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Leadership: The importance of being intentional

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Contributed photo: Donna Goss teaches a class at the Leadership Development Institute.
Contributed photo: Donna Goss teaches a class at the Leadership Development Institute.

Peter Drucker once said, “The only thing that happens naturally in organizations is confusion, friction and malperformance. Everything else is the result of leadership.”

Humans are flawed; we naturally say and do things that are ineffective. It just happens. We have to learn to be intentional in order to overcome our human frailty.

This is the essence of leadership. We see future possibilities of how something can be better, we enlist others in sharing that vision and then we intentionally take action that both sets the example for others and starts us on a journey to that intended future.

As Jim Collins, author of “Good To Great,” says, “Greatness is not a function of circumstances. Greatness, it turns out, is largely a matter of conscious choice and discipline.”

Organizations today, whether a for-profit business, a not-for-profit organization or a part of the public sector, struggle with the need to be great, to perform at higher and higher levels.

Limited resources combined with higher expectations make it necessary to deliver products and services at higher levels, on a sustained basis, and in a way that builds a reputation of high quality.

The demands on organizational leadership are significant and continue to grow. The challenge to develop that leadership, especially as we approach the rapid exit of Baby-Boomer executives into retirement, has become a priority.

Unknown to many, the Center for Business & Industry at Northampton Community College has been an important source for those needs for 35 years. CBI has built a leadership development consulting resource that looks into the future and identifies needs and how to help organizations meet them.

CBI recognizes the challenge in today’s social order that people – with all of their complexity – desperately need leadership. Although technology has had a tremendous influence on that social order, it is people, who make up our organizations and execute the day-to-day work, that will define performance.

Taking advantage of more than 40 years of working with top-tier business schools such as the University of Pennsylvania (Wharton), the University of Michigan, the University of Virginia, Duke University and Harvard, the leadership team at CBI brings fresh thinking to its ability to support a company’s need to build strong leadership, management and organizational effectiveness.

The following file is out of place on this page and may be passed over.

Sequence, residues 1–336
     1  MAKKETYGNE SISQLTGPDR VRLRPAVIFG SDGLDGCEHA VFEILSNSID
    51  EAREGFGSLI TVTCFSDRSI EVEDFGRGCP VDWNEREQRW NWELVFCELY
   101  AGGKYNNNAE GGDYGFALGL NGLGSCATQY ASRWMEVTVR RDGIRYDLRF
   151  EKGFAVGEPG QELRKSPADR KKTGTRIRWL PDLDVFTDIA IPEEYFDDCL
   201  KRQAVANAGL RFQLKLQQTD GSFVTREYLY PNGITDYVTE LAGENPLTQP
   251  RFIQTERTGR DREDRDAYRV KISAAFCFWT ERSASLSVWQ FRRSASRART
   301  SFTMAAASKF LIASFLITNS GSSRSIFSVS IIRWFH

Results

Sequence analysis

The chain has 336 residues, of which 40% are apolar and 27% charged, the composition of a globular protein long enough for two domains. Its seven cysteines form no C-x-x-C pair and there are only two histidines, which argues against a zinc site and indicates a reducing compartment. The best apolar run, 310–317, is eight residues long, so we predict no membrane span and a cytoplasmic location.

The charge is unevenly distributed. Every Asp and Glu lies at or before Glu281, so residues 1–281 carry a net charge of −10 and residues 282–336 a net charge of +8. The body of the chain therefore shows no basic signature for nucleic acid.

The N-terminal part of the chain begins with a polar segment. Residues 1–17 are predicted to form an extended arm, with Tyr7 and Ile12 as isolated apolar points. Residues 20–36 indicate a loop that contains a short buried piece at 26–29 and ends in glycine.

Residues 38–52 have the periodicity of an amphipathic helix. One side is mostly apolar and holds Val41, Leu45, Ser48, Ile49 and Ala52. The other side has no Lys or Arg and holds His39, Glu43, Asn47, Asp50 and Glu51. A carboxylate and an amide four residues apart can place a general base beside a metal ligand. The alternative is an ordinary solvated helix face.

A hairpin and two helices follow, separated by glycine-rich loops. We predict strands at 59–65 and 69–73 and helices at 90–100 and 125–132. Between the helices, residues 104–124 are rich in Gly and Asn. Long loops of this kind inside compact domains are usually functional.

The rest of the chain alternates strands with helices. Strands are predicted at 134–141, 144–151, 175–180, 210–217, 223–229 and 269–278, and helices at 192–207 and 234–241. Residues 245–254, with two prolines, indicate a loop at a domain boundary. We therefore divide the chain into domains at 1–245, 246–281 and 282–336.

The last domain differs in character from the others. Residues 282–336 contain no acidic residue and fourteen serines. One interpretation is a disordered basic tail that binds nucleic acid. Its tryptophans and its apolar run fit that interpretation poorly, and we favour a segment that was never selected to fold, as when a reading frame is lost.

Why has CBI been so successful?

Its approach is to focus on application, not just learning. It is in the business of performance improvement, not training; training is just a tool. Organizations need their leaders to set direction, inspire higher performance, enable employees to be successful and encourage and embrace a can-do attitude.

Just learning about what it takes to be effective is not enough. Because so much of leadership is about who you are, CBI helps its clients to be aware of their strengths in order to find new opportunities to use them – and to be aware of, and avoid, the pitfalls that undermine success.

It is only then that learning the skills and practices of effective leaders can be applied in a way that adds to organizational success. Leadership is about being intentional.

“Practices of Successful Leaders,” a program that has a 10-year history of enhancing the leadership capabilities of its participants, is designed to combine this emphasis on both learning and application.

As a recent participant said, “I feel that the materials presented really applied to real-life situations. Rather than just presenting the theories, there were examples given and discussions of how we can use this back at work.”

People need to be engaged in order to translate learning into action. Each of us needs to discover the leader that resides within each of us.

CBI also provides consulting and training services to many other aspects of an organization’s needs, from technical to safety and environmental health.

Taking great pride in serving the Lehigh Valley, CBI is working with more than 100 businesses (locally and nationally), many not-for-profits, almost all of the local colleges and universities and state and local governments. (Clients span the U.S. and parts of Canada.)

CBI can assist an organization in developing its workforce through its open-enrollment programs or it can go deeper by taking its consultants inside an organization and building a program to address specific needs to enhance performance challenges.

Leadership is everything. In its absence, we risk confusion, friction and malperformance – all the signs of becoming normal, not great.

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